Traditionally, technical analysis recommends using the same bar period for both High and Low moving averages. The simplest trading system based on the High-Low MA would suggest buying when close price moves above High MA and it recommends selling when close price drops below Low MA. On the QQQ stock chart below you may see an example of such trading system.

Chart 1: QQQ stock chart with signals based on H-L MA

One of the other ways of using High-Low Moving Average is to apply MACD principles by applying smaller bar period to High MA (using it as fast MA in MACD) and by selecting bigger bar period for Low MA (using it as slow MA). In this case, a simple trading system would recommend selling when High Moving Average drops below Low Moving Average and it would suggest buying when High MA raises above Low MA. On the QQQ stock chart below you may see the illustration of such simple trading system and buy/sell signals.

Chart 2: QQQ stock chart with signals based on High and Low MAs crossovers

High-Low MA’s Formula and Calculations

High-Low Moving Average is calculated in the same way as other moving averages are. The only difference is that two MAs are displayed on a chart as a channel.

HMA = MA applied to Highs

LMA = MA applied to Lows

On our index and stock charts you may select Simple, Weighted and Exponential MAs for High-Low Moving Average.

By V. K. for MarketVolume.com

Copyright 2004 – 2020 All rights reserved. This material may not be published, broadcast, rewritten, or redistributed.


Our pages are constantly scanned. If we see that any of our content is published on other website, our first action will be to report this site to Google and Yahoo as a spam website.

High Low Moving Average

The High Low Moving Average study allows you to quickly and easily compute a simple moving average of the high and low for the interval. The length of the moving average may vary for the high and low.

Some traders use this study as a measure of the market’s support and resistance areas (at what price level do buyers enter the market and support prices, or at what price level do sellers take profits and pressure the market lower?) The moving average of the high could be the resistance area, while the moving average of the low is the support area.

Like any moving average system, you can vary the rules of the trading system. Some traders prefer to buy or sell breakouts above or below the resistance and support areas, respectively. Others, tend to use the resistance and support areas as zones to establish a market position in the direction of the dominant market trend.

Generally, the high/low moving average is not a crossover system. Rather, it creates a channel about the bars on the price chart. In a market with a strong trend, prices may trade beyond the channel, either above or below. A trader could use the escape from the channel as a strong reason to establish a complementary market position.

Properties

Period1: The length of the first Moving Average. The application uses a default of 10.

Period2: The length of the second Moving Average. The application uses a default of 10.

Aspect1: The Symbol field on which the study will be calculated. The application uses a default of “High”.

Aspect2: The Symbol field on which the study will be calculated. The application uses a default of “Low”.

Content Source: FutureSource

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Copyright © 2020 · Daniels Trading. All rights reserved.

This material is conveyed as a solicitation for entering into a derivatives transaction.

This material has been prepared by a Daniels Trading broker who provides research market commentary and trade recommendations as part of his or her solicitation for accounts and solicitation for trades; however, Daniels Trading does not maintain a research department as defined in CFTC Rule 1.71. Daniels Trading, its principals, brokers and employees may trade in derivatives for their own accounts or for the accounts of others. Due to various factors (such as risk tolerance, margin requirements, trading objectives, short term vs. long term strategies, technical vs. fundamental market analysis, and other factors) such trading may result in the initiation or liquidation of positions that are different from or contrary to the opinions and recommendations contained therein.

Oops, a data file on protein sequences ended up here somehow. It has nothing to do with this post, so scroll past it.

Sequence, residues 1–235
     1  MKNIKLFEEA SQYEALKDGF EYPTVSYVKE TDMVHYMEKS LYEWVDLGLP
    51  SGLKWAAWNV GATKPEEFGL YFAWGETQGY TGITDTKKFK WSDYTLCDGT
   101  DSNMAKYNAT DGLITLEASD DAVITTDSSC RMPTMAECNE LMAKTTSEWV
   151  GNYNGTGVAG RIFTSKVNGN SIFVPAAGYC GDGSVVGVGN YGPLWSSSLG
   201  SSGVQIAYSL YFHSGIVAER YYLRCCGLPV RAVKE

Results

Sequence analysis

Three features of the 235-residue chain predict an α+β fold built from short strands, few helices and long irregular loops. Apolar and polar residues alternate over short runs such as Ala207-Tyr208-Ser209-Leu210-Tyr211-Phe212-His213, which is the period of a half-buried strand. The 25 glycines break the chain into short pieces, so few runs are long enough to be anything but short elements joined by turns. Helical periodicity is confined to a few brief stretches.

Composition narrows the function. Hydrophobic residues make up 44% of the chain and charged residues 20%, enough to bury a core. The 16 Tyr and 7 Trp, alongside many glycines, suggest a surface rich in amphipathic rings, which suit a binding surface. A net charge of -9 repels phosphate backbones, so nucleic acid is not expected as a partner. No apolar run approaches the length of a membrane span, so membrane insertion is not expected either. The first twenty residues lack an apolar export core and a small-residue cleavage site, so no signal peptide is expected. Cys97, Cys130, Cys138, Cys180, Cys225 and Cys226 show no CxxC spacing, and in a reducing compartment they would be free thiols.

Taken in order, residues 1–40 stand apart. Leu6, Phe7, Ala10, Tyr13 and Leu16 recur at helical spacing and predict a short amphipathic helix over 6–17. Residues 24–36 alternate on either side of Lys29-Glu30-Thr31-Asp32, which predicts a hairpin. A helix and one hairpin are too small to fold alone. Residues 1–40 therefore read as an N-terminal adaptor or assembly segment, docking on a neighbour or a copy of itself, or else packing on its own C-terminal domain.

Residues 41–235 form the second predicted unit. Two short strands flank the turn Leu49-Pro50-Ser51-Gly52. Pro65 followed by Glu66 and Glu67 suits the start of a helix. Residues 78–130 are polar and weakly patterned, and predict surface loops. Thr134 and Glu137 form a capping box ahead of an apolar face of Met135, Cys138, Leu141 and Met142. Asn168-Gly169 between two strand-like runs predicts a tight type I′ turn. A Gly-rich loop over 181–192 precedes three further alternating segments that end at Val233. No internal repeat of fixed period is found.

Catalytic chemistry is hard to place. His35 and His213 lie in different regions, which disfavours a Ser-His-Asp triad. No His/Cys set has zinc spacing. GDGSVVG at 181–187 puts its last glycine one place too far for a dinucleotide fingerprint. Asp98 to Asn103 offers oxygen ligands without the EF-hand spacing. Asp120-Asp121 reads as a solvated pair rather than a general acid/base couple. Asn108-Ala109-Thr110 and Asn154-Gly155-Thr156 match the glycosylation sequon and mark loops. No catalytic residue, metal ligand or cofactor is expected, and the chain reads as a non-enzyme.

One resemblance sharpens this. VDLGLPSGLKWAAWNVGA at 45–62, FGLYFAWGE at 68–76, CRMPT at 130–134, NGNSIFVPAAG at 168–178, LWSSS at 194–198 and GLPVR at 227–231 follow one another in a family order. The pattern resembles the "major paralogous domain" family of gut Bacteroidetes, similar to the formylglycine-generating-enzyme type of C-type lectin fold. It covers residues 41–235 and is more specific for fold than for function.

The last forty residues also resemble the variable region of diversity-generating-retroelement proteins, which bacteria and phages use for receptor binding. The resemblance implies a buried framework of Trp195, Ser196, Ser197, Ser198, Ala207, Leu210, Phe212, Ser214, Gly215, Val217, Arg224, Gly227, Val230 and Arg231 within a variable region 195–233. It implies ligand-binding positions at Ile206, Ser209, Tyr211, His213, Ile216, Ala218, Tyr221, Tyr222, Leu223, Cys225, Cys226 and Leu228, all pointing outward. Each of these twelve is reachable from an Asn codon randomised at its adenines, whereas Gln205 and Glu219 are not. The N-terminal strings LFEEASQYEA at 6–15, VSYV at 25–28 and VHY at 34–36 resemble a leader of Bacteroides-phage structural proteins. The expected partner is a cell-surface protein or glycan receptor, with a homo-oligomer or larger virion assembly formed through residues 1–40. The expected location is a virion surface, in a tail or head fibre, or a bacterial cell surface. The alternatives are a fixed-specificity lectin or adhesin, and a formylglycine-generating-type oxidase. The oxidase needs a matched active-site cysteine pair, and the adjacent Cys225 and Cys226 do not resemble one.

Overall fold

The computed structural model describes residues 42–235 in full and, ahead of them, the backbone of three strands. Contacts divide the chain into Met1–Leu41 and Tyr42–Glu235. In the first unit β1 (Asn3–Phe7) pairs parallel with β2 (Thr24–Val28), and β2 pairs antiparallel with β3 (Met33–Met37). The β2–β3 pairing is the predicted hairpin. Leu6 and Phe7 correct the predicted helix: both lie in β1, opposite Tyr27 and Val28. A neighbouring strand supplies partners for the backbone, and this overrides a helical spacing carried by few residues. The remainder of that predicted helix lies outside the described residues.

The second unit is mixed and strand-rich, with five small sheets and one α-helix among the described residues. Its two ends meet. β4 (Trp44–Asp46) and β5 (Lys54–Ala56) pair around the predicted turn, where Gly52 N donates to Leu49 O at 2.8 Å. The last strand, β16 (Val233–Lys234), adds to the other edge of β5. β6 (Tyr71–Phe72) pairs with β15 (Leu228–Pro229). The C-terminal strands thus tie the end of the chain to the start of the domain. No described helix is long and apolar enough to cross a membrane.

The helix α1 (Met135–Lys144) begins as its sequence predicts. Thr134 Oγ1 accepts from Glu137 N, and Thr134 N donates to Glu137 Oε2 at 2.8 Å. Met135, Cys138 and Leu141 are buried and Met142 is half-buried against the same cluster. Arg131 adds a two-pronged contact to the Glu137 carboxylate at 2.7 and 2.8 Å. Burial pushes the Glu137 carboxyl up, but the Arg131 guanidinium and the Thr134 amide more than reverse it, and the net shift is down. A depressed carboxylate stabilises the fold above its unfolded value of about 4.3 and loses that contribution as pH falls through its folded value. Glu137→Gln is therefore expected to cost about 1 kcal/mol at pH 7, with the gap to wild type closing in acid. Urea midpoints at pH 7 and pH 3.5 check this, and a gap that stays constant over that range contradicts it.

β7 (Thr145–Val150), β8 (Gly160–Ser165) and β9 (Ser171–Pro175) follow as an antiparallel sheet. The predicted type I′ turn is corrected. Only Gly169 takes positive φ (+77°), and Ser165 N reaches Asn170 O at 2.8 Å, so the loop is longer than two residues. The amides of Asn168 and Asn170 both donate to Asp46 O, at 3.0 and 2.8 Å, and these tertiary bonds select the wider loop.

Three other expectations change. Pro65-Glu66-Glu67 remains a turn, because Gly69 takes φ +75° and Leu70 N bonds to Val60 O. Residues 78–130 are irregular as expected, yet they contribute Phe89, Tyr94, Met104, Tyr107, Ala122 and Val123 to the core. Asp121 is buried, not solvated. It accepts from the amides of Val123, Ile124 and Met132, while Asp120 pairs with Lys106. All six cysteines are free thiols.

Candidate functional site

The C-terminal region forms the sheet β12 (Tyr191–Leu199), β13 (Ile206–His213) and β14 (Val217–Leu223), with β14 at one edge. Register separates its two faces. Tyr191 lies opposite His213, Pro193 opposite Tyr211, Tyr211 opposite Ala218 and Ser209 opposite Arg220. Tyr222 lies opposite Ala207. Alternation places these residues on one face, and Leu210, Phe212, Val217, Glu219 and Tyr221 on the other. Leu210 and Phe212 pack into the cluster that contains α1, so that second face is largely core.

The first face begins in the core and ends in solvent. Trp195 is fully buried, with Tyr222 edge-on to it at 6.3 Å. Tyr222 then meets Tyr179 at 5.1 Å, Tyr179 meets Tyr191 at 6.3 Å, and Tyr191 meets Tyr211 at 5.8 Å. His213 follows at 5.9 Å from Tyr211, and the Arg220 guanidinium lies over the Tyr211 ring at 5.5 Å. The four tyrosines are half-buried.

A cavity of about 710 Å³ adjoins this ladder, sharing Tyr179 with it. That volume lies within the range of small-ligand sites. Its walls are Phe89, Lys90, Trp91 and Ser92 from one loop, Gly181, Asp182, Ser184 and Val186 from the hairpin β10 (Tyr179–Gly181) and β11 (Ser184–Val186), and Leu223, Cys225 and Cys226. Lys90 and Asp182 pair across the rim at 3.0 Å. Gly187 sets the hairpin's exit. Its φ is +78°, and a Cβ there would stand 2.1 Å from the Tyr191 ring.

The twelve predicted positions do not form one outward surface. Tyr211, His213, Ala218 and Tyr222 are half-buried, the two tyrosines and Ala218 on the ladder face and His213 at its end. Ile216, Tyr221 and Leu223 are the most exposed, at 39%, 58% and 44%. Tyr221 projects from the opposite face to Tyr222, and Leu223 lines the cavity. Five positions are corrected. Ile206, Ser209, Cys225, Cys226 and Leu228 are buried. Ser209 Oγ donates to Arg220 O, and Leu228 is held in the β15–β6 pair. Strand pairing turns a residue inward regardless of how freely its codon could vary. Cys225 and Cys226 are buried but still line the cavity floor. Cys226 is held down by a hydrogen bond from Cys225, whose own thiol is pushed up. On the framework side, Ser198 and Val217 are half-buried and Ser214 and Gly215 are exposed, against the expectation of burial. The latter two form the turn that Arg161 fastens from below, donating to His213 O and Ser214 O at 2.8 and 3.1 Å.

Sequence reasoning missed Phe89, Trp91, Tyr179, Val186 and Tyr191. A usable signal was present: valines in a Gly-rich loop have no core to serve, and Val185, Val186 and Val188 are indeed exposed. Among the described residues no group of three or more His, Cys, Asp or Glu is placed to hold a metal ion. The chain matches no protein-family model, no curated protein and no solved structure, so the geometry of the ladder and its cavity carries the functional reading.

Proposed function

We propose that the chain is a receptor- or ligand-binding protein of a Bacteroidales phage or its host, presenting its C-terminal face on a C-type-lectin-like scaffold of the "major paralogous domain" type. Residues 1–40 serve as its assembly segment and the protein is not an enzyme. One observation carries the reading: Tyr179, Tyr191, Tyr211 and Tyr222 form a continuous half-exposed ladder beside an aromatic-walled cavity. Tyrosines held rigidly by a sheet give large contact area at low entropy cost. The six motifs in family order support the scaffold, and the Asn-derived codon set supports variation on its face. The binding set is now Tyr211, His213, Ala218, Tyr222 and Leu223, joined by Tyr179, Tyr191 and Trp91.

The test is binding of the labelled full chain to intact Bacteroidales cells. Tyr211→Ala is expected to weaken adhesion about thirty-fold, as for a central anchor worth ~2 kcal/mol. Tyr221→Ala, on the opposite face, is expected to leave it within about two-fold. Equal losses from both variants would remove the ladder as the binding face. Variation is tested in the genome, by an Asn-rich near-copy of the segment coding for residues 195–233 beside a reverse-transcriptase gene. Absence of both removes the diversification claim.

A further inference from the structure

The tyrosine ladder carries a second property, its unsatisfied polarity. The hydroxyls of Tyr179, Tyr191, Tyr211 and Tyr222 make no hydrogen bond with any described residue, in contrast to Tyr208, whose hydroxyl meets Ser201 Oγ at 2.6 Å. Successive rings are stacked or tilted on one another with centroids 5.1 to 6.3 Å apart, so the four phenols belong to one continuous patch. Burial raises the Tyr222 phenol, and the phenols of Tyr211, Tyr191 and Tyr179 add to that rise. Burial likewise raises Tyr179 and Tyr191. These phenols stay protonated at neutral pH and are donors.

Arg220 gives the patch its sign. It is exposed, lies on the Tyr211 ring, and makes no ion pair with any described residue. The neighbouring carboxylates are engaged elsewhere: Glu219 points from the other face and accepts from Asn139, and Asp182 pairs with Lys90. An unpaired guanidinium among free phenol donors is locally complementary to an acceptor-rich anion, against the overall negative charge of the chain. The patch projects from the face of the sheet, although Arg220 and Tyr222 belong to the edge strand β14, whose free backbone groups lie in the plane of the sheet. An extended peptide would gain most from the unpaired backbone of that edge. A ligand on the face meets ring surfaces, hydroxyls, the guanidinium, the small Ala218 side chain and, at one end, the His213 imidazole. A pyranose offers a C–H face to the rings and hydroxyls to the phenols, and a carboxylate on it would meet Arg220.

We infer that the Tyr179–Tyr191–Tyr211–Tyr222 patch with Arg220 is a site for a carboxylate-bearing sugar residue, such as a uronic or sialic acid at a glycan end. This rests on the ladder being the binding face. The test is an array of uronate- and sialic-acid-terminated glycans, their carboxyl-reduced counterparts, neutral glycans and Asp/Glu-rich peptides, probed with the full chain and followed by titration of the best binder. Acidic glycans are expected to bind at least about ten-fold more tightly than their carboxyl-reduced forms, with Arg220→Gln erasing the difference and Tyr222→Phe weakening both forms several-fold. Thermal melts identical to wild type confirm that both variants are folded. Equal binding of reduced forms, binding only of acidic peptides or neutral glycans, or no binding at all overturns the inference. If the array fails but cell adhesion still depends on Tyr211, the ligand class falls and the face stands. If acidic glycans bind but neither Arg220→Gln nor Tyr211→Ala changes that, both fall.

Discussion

Past performance is not necessarily indicative of future performance. The risk of loss in trading futures contracts or commodity options can be substantial, and therefore investors should understand the risks involved in taking leveraged positions and must assume responsibility for the risks associated with such investments and for their results.

Trade recommendations and profit/loss calculations may not include commissions and fees. Please consult your broker for details based on your trading arrangement and commission setup.

Technical Indicators

Stocks: 15 20 minute delay (Cboe BZX is real-time), ET. Volume reflects consolidated markets. Futures and Forex: 10 or 15 minute delay, CT.

Most Commonly-Used Periods in Creating Moving Average (MA) Lines

Moving averages are one of the most commonly used technical indicators in stock, futures and forex trading. Market analysts and traders use moving averages to help identify trends in price fluctuations, smoothing out the noise and short-lived spikes (from news and earnings announcements, for example) for individual securities or indexes. There are different types of moving averages, calculated in different ways and over different time periods, which reveal different information for traders. The type of moving average and measurement period used determine the strategies a trader implements.

Common Moving Averages Periods

Traders and market analysts commonly use several periods in creating moving averages to plot on their charts. For identifying significant, long-term support and resistance levels and overall trends, the 50-day, 100-day, and 200-day moving averages are the most common. Based on historical statistics, these longer-term moving averages are considered more reliable trend indicators and less susceptible to temporary fluctuations in price. The 200-day moving average is considered especially significant in stock trading. As long as the 50-day moving average of a stock price remains above the 200-day moving average, the stock is generally thought to be in a bullish trend. A crossover to the downside of the 200-day moving average is interpreted as bearish.

The 5-, 10-, 20-, and 50-day moving averages are often used to spot near-term trend changes. Changes in direction by any of these shorter-term moving averages are watched as possible early clues to longer-term trend changes. Crossovers of the 50-day moving average by either the 10-day or 20-day moving average are regarded as significant. The 10-day moving average plotted on an hourly chart, is frequently used to guide traders in intraday trading.

Some traders use Fibonacci numbers (5, 8, 13, 21 . ) to select moving averages.